66°F broken clouds


johnny jazz park 051115 1John Gatta wields giant scissors as he dedicates the new park named for his late brother, Ralph ‘Johnny Jazz’ Gatta Jr. (seen below), as Councilwoman Linda Schwabenbauer applauds. (Photo by John T. Ward. Click to enlarge)


ralph johnny jazz 2006 1For 47 years, while cutting meat and selling boxes of rice and cereal, Red Bank butcher Ralph ‘Johnny Jazz’ Gatta Jr. preached the gospel of an American musical art form he deeply loved, and wanted his customers to hear as he heard it.

On Monday night, borough residents showed they had heard, and had been touched by both his love of jazz and his generosity as a grocer.

At a brief ceremony tinged with fondness, humor and a bit of live jazz, the site at the corner of Shrewsbury Avenue and Drs. James Parker Boulevard was named in honor of the late jazz-enthralled butcher.

More →


rb jazz 082214 2ralph johnny jazz 2006 1Anyone who ever had the pleasure of getting an earful of bebop – and a history lesson in jazz – while picking up a pound of ground chuck at the now-gone Johnny’s Jazz Market in Red Bank should consider stopping by the pocket park on Shrewsbury Avenue at Drs. James Parker Boulevard tonight at 6:30 p.m.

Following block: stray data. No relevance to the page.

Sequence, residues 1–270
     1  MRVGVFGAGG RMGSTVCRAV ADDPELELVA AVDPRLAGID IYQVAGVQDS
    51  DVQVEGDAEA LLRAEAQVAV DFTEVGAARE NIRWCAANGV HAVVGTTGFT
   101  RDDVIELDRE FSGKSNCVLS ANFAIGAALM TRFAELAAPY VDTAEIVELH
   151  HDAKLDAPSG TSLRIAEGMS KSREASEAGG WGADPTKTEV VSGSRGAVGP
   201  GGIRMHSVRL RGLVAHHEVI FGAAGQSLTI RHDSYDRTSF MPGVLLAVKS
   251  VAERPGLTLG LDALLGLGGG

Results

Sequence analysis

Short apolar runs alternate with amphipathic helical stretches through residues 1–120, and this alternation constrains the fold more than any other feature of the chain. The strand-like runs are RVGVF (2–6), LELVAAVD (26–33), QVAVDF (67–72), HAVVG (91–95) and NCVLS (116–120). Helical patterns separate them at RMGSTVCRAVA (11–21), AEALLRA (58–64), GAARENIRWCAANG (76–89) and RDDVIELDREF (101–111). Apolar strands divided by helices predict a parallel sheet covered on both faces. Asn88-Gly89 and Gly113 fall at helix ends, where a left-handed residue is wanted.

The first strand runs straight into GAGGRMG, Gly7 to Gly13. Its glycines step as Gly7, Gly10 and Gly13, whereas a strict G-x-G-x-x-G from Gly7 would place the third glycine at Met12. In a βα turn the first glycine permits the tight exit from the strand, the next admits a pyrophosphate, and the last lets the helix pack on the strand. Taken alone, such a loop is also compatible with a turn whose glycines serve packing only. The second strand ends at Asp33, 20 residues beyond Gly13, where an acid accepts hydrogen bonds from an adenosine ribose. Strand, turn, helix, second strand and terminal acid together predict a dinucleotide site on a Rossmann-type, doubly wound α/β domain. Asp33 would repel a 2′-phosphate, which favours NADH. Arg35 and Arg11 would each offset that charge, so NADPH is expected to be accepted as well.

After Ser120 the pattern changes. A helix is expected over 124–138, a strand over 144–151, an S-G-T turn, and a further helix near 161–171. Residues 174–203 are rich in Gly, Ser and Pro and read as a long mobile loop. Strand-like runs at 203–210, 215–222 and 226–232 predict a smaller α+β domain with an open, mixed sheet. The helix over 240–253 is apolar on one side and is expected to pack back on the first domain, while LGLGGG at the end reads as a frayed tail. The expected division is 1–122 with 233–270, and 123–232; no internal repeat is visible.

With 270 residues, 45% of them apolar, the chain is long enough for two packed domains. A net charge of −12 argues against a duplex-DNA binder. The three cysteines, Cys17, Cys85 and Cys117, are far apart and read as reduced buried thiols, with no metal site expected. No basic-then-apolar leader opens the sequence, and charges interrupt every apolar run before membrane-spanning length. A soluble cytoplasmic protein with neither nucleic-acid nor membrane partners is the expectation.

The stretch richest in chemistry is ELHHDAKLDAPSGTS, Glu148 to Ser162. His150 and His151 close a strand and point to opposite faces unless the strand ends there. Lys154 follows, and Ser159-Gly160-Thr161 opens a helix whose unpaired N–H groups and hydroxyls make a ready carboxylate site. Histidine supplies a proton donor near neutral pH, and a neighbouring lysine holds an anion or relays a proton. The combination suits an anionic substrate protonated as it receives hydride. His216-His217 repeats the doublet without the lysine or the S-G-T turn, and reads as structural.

That’s when borough officials will officially rename the park for the late butcher and irrepressible jazz maven Ralph ‘Johnny Jazz‘ Gatta Jr., who ran the shop for almost 50 years – always with his beloved jazz playing in the background.

Gatta, a lifelong borough resident, died in 2011. The park is the site of a series of summer jazz concerts hosted by the borough.  (Photo above by Trish Russoniello; below, by John T. Ward. Click to enlarge)





ralph johnny jazz gatta 2006


rb jazz 082214 1 He presided over what had to qualify as one of the quirkiest neighborhood grocery stores in the history of retailing, let alone Red Bank.

Now, four years after his death, the beloved jazz-enthralled butcher known to all as “Johnny Jazz” is to about to get a neverending solo.

More →


keith marks 082214“Pied Piper of Jazz” Keith Marks keynoted a new slate of free outdoor jazz concerts on August 22 — a Count Basie 365 Cultural Series that continues Friday evening with vocalist Valarie Adams and showband.